Bio-digester technology: Providing access to household toilets

BY: Timothy Ngnenbe
Eunice Owusua (right) sharing her experience using the biodigester with Timothy Ngnenbe
Eunice Owusua (right) sharing her experience using the biodigester with Timothy Ngnenbe

“I live here with my mother, auntie and 10 siblings. For many years, we had no toilet facilities at home. We used public toilets whose sanitary conditions were so undignifying. The stench that emanated from the toilets was offensive; and each time you used those toilets, you had to bath to take away the stench."

To make a bad situation worse, Peace Dotse, the 26-year-old resident of Adjei Kojo in the Tema West Municipality in the Greater Accra Region, and her family of 12 pay GH¢1.20 each time they used the public toilet.

However, Ms Dotse and her household now live in dignity after they acquired a bio-digester toilet through the World Bank-funded Greater Accra Metropolitan Area Sanitation and Water Project (GAMA-SWP).

"We paid GH¢1,200 for the biodigester toilet and, for the past three months, we have never been to a public toilet; the new toilet is very hygienic; you will not hear of any stench and there are no odours. We no longer have fears of getting any infections and we do not have to spend more money on toilets," she said, when I visited her household on Monday, May 9, this year.

For 48-year-old Eunice Owusua, the biodigester has turned her sanitation story around for the better.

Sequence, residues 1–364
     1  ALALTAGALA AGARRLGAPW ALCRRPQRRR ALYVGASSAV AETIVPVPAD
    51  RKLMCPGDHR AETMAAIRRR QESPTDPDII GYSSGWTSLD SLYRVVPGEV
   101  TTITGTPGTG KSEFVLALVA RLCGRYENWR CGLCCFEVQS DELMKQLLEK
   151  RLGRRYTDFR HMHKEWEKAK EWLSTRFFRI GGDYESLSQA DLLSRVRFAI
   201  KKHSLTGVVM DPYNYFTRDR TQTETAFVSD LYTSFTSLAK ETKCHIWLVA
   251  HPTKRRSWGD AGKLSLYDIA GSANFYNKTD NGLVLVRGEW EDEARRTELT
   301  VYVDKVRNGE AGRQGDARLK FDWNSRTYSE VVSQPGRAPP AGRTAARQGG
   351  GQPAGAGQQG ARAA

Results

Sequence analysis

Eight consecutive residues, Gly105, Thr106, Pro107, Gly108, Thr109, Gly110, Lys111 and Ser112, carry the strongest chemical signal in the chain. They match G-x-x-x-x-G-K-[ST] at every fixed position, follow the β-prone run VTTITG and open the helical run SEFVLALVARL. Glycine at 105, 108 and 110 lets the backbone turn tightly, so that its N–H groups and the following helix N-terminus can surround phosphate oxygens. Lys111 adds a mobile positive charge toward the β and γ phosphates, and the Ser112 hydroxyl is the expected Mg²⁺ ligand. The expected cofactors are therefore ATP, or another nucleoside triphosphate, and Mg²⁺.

"I was using a septic tank over 19 years. I had to always deal with the stench, and any time it got full, I spent about GH¢500 to desludge it. I have used the bio-digester for just five months. It has a handwashing component attached to it; little water is required to flush it, and there is no odour," she said.

The stories of Gabriel Amawuvi and Evelyn Aboagye Dacosta also changed for the better when they got bio-digesters installed by COMSANS Ghana Limited, a private company working under the World Bank project.

When I visited the premises of COMSANS at Adjei Kojo that same day, some workers were constructing various components of the bio-digester – ranging from concrete slabs, concrete beam supports, to porous slabs.

The Chief Executive Officer (CEO) of the company, John Kojo Armah, walked me through the chain of processes involved in the construction and installation of bio-digesters.

We also visited the dome, the treatment plant for faecal matter desludged bio-digesters.

What is a bio-digester toilet?

Bio-digesters are on-site toilets designed to rapidly separate human excreta from blackwater for degradation under aerobic conditions through the interaction of micro and macro-organisms.

Typically, bio-digesters serve as an alternative to septic tank for the treatment of excreta directly from water closets or pour-flush seats.

The blackwater, made up of raw excreta plus flush water and anal cleansing material, undergo rapid solid-liquid separation through a porous filter in the bio-digester. Solid materials are retained on the porous filter where it is broken down aerobically by micro-organisms and macro-invertebrates.

Coconut husk

Some organisms, particularly earthworms, are introduced into the bio-digester by adding a bit of humus during installation while the macro-invertebrates, including cockroaches come in by themselves.

The effluent is biologically pre-treated and discharged directly into the subsurface soil via drain field pipes or soak-away.


The bio-digester is easy to install. They can be installed within 24 hours because the components are usually pre-fabricated.

Unlike other toilet options, small space is required for installation of bio-digesters; therefore, land intake is minimised.

John Kojo Armah (left) explaining how coconut husk is processed into fibre to serve as bulking material for the installation of bio-digesters